A Nobel Economist’s Caution About Government

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How are those job creating projects (like Kior and Kemper) the governor promoted working out ?

Donald J. Boudreaux And Todd J. Zywicki | Wall Street Journal |   Oct. 12, 2014 5:51 p.m. ET

Forty years ago the Nobel Prize in Economic Science was awarded to a scholar who believed the prize perhaps should not exist. As he graciously accepted the distinction in 1974, Austrian-British economist Friedrich A. Hayek worried aloud that thinking of economics as a science might fuel what he called “the pretense of knowledge”—the idea that anyone could know enough to engineer society successfully. He was right to fret.

Hayek’s greatest contribution to economics was to show that society is far more complex than we realize, with little pieces of knowledge dispersed among millions of individuals. “The curious task of economics,” he famously wrote in “The Fatal Conceit,” which he published in 1988, “is to demonstrate to men how little they really know about what they imagine they can design.”

Recent government interventions suggest that politicians and bureaucrats today think they can design just about anything. This ignorance has backfired, as it always does, bringing with it what economists call “unintended consequences.”

Consider the Affordable Care Act. The law’s mandates, restrictions, prohibitions, taxes and subsidies are meant to make health insurance universally available. Yet since its passage in 2010, the proportion of Americans lacking health insurance has fallen only to 13% from 16%, according to a recent study by the Centers for Disease Control and Prevention. Millions of Americans have faced higher premiums, often losing their preferred doctors, contrary to what President Obama predicted and promised.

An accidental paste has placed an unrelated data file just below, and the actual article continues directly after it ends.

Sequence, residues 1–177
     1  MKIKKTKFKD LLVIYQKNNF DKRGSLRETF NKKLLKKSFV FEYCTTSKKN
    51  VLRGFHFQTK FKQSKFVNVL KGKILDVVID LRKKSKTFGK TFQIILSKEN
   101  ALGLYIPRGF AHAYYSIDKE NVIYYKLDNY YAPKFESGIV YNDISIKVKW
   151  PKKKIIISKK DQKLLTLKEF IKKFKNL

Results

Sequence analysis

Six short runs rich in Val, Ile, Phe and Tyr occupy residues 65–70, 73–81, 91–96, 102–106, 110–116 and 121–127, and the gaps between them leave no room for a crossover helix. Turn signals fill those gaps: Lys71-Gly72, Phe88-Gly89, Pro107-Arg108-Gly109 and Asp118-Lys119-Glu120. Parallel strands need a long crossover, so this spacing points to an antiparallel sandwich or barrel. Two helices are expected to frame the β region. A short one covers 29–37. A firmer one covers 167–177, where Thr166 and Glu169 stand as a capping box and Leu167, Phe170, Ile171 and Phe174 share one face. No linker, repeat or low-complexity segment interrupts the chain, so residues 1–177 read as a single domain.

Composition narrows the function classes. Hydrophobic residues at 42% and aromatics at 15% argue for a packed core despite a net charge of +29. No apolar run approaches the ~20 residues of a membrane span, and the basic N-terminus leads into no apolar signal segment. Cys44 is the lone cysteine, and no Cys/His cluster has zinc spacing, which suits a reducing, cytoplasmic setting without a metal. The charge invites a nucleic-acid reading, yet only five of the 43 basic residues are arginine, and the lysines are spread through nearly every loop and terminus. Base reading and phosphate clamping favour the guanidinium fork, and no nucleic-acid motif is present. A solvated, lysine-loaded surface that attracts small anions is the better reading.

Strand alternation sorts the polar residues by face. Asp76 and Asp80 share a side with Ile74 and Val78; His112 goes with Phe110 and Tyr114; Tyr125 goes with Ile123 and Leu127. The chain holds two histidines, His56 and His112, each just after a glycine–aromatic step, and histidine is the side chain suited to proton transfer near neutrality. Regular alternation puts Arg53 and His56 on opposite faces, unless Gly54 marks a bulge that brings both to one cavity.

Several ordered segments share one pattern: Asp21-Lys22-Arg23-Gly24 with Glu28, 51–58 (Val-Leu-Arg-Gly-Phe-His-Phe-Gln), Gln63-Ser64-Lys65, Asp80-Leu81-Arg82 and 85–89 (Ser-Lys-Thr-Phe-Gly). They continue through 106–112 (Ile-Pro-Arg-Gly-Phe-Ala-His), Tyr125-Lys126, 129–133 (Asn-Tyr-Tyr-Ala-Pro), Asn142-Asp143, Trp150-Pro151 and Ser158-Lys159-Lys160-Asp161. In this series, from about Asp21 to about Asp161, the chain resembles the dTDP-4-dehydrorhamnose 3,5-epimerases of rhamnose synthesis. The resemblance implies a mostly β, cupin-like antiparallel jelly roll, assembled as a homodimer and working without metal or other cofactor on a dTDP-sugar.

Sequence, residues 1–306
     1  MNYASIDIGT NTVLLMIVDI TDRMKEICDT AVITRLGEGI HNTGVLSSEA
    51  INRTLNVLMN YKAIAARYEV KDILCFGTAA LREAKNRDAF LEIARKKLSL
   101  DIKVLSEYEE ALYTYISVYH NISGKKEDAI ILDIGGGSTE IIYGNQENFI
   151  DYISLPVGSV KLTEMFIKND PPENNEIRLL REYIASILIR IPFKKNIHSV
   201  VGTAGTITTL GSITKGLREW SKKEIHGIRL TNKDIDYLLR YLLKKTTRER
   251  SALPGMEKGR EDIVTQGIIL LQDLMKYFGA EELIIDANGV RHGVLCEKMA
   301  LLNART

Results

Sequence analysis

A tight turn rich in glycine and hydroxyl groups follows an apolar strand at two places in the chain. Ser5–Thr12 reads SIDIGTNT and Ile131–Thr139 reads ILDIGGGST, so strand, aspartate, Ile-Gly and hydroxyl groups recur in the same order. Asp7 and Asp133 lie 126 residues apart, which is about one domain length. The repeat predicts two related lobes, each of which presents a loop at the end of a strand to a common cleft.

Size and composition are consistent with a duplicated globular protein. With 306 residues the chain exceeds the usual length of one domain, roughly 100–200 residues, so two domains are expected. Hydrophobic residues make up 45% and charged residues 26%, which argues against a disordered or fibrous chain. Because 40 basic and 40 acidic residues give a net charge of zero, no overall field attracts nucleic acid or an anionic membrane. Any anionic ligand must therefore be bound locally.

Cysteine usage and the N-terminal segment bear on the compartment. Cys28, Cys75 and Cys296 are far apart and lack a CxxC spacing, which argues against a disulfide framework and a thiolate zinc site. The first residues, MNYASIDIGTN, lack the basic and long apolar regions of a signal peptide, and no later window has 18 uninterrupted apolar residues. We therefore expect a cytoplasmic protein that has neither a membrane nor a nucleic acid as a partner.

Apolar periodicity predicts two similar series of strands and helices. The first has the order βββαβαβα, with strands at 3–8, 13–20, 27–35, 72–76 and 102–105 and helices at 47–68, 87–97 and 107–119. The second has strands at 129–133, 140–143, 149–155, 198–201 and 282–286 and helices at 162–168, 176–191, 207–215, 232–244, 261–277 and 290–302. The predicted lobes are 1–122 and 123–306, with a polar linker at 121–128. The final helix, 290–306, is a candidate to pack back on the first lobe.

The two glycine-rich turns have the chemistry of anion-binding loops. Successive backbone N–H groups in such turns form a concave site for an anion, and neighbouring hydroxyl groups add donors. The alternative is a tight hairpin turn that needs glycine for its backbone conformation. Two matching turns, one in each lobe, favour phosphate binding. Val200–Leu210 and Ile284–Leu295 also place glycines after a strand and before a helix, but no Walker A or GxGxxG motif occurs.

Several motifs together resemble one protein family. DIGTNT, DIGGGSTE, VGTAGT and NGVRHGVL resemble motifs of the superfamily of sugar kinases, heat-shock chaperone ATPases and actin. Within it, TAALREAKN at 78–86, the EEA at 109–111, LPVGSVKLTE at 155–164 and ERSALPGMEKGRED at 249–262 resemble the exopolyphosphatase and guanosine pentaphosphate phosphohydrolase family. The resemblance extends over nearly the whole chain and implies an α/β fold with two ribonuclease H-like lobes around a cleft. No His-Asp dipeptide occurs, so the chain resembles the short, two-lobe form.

Thanks to the hastily written law’s incentives, ObamaCare also has been a drag on employment. About 18% of employers surveyed by the Federal Reserve Bank of Philadelphia in August said that the ACA caused them to reduce the number of workers they employ. Only 3% of employers credit the ACA with enabling them to hire more workers. Those who are being hired often find their workweek capped at 29 hours, not coincidentally just one hour less than the definition of “full time” under the ACA.

To read more: http://online.wsj.com/articles/donald-boudreaux-and-todd-zywicki-a-nobel-economists-caution-about-government-1413150678

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